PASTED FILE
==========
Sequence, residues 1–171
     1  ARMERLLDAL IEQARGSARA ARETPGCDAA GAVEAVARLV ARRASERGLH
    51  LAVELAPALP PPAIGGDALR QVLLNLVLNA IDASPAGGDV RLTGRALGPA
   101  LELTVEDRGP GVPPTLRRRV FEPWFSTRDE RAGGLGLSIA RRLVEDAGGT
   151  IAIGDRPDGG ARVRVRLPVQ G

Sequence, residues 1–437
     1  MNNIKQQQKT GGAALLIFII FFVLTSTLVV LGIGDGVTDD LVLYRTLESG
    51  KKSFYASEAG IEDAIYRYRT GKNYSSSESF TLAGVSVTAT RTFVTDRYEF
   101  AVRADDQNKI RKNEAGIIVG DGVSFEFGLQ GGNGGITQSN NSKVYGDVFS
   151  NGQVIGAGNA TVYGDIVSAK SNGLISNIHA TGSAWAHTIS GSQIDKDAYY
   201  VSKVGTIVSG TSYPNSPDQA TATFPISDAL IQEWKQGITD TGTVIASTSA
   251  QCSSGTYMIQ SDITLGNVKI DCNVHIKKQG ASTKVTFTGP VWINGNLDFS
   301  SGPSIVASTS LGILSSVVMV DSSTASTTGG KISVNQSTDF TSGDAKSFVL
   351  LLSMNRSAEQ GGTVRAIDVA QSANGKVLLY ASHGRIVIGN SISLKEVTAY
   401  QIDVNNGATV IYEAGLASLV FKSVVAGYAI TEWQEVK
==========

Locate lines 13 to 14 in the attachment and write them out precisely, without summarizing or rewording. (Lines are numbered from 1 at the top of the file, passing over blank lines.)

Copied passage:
   301  SGPSIVASTS LGILSSVVMV DSSTASTTGG KISVNQSTDF TSGDAKSFVL
   351  LLSMNRSAEQ GGTVRAIDVA QSANGKVLLY ASHGRIVIGN SISLKEVTAY